Primary care screening for ocular hypertension and primary open angle glaucoma: evidence synthesis

Methodological quality of the review: Low confidence

Author: Fleming C, Whitlock E, Beil T, Smit B

Geographical coverage: Not reported

Sector: Glaucoma

Sub-sector: Primary open angle glaucoma

Equity focus: None specified

Review type: Other review

Quantitative synthesis method: Narrative synthesis

Qualitative synthesis method: Not applicable

Background: Primary open angle glaucoma (POAG) is a leading cause of blindness and vision-related disability. This review examines the effectiveness of screening and treatment of asymptomatic individuals with early POAG.

Objectives:  To assess the effectiveness of screening and treatment of asymptomatic individuals with early POAG.

Main findings: In this review, authors included 13 studies and one ongoing study. No randomised controlled trials (RCTs) of population screening for POAG have been reported. Authors found no population-based studies demonstrating that screening is feasible, accurate or reliable for detecting early glaucoma.

Two RCTs examined the efficacy of treatment to lower intra-ocular pressure (IOP) compared with no treatment for persons with early POAG. In a Swedish trial, authors noted, treatment reduced progression at five years from 62% without treatment to 45% with treatment (ARR 17%, NNT 5.8, p = 0.007). In a US trial of patients with early POAG and normal IOP, progression at five years was observed in 39% without treatment and 33% with treatment (p = 0.21).

Authors noted that the benefit of delaying progression of visual field loss on vision-related function in patients with early POAG was unclear. In addition, reviewers stated that the principal harm of treatment is loss of visual acuity due to an increased risk of cataract formation. Authors concluded that treatment to lower IOP may delay progression of visual field deficits in some asymptomatic individuals with early POAG.

Authors noted that further studies of population screening are needed to demonstrate that early recognition and treatment of glaucoma in asymptomatic patients is effective in improving vision-specific functional outcomes and health-related quality of life.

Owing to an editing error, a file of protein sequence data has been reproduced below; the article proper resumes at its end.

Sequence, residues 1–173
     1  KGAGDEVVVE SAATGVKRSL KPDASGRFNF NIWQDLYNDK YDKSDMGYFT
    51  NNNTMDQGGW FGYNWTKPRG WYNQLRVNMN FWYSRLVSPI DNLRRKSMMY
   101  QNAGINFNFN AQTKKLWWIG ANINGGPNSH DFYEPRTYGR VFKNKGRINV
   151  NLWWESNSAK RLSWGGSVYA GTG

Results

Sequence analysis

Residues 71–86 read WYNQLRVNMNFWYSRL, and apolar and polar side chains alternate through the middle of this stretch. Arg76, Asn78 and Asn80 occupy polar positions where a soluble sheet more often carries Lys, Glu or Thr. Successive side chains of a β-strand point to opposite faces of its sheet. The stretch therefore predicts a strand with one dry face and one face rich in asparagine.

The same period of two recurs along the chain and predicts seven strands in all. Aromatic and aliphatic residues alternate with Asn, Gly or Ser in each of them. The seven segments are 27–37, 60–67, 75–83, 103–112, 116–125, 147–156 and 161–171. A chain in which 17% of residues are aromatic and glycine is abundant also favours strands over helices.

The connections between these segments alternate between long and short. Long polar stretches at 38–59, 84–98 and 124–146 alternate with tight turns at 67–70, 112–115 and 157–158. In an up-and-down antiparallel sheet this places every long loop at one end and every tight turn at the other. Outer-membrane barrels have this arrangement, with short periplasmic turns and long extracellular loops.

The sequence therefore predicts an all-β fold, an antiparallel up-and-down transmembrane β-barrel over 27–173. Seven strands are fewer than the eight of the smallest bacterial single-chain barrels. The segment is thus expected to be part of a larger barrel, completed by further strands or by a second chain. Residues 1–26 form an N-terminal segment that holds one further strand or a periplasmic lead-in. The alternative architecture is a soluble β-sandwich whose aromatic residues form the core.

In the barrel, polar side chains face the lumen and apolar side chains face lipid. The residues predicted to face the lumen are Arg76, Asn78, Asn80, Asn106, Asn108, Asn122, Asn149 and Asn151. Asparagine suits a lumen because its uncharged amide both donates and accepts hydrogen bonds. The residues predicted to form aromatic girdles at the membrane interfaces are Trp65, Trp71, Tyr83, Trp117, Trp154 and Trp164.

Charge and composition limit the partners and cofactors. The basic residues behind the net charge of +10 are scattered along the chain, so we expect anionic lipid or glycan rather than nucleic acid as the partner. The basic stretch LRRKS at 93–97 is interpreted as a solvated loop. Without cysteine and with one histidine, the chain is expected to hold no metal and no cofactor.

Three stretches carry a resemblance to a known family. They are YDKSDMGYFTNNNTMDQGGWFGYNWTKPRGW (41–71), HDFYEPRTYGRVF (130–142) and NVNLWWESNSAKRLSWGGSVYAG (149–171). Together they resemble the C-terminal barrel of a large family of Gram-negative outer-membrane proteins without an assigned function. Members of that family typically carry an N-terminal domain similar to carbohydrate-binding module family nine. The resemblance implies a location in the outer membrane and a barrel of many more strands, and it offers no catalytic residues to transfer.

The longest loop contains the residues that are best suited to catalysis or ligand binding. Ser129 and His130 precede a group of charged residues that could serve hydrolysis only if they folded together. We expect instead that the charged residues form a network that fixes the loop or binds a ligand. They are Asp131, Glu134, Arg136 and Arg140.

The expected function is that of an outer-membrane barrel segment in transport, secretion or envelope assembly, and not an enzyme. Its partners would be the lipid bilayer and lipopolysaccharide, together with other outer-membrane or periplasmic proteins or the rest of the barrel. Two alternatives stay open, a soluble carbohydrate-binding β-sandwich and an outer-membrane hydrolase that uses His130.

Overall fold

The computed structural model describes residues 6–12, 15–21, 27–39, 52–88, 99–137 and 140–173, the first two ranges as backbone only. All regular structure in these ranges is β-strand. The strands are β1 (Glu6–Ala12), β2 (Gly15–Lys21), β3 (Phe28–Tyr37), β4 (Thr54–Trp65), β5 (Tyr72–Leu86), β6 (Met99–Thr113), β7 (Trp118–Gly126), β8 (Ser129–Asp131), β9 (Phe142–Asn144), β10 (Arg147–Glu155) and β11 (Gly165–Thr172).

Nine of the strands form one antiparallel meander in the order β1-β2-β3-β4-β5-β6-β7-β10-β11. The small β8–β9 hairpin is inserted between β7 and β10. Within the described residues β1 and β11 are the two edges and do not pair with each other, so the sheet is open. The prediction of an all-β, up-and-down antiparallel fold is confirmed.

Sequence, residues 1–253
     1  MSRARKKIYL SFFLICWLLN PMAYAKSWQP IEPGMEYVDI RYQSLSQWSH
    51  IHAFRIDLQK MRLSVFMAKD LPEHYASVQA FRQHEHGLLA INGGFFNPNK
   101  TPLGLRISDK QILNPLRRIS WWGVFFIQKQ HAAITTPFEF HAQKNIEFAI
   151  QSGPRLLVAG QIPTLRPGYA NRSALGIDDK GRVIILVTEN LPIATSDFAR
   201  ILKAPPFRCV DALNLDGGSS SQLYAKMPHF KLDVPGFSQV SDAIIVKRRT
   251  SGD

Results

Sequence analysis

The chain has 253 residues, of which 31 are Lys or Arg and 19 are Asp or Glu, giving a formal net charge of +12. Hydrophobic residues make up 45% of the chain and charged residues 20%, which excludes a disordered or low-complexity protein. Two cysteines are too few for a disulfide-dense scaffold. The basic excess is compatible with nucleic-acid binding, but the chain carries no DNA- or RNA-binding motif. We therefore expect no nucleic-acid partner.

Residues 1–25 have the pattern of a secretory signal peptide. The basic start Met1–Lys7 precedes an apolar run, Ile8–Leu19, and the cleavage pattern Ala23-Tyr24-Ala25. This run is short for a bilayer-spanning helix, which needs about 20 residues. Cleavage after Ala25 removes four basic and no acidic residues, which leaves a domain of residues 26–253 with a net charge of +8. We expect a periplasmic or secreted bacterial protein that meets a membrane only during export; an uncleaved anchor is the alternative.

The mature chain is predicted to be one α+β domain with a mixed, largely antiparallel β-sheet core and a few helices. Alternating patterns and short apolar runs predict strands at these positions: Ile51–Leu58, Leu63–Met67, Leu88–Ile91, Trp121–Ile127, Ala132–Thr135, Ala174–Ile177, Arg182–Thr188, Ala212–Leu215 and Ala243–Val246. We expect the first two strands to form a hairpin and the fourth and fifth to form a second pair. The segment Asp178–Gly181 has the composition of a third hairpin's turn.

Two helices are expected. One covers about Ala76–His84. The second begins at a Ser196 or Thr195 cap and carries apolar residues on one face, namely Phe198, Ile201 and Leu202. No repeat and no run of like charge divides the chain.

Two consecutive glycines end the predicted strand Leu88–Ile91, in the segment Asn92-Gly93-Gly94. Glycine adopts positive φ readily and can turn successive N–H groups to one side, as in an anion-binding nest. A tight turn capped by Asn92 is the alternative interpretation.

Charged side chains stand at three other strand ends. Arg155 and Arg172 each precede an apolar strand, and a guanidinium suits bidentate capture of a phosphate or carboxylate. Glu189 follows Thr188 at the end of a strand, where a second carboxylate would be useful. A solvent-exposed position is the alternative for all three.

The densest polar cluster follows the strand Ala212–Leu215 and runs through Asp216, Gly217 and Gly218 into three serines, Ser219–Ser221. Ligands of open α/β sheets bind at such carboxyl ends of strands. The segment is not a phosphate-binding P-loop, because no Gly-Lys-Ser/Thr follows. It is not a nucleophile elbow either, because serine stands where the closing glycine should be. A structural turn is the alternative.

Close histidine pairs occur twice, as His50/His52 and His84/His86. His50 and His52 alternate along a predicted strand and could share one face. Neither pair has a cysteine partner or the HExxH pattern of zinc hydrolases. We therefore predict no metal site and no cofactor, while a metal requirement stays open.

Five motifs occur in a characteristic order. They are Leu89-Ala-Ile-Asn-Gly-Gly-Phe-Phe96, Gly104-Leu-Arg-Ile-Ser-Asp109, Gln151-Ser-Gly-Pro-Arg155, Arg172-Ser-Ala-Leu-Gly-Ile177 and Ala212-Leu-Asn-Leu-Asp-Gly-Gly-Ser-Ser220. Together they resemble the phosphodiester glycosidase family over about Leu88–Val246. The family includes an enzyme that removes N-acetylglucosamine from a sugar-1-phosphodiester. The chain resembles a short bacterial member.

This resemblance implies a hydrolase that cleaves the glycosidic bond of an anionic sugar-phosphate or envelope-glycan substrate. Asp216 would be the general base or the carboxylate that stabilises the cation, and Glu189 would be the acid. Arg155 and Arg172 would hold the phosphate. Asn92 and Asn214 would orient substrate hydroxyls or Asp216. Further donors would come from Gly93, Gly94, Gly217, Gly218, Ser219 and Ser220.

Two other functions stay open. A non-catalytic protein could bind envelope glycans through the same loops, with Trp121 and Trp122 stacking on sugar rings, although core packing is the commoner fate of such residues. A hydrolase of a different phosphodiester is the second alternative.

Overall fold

Methodology: Studies of glaucoma screening and treatment were identified from MEDLINE, the Cochrane Library, glaucoma experts and review of study bibliographies. Titles and abstracts were reviewed for possible inclusion by two investigators, and articles graded according to US Preventive Services Task Force (USPSTF) criteria. The quality assessment of included trials was based on accepted USPSTF criteria.

The quality was rated as good if adequate randomisation methods were used; treatment and control groups were comparable at baseline; loss to follow-up was accounted for and comparable groups were maintained throughout the study; outcomes were determined by objective criteria or by assessors masked to group randomisation assignment; appropriate statistical methods were used; and analysis was based on intent-to-treat.

Applicability/external validity: Authors did not discuss the applicability/external validity.

Geographic focus: This review focuses on all countries.


Summary of quality assessment: Overall there is low confidence in the conclusions about the effects of this study as important limitations were identified. Authors conducted a search of the literature in relevant databases. However, authors did not avoid restriction bias (language, date and publication), which may indicate the presence of publication bias within the review. In addition, it’s not clear from the review if two authors independently screened studies for inclusion and extracted data of included studies.

Publication source: Fleming C, Whitlock E, Beil T, and Smit B. Primary care screening for ocular hypertension and primary open angle glaucoma. Evidence Syntheses, No. 34 Source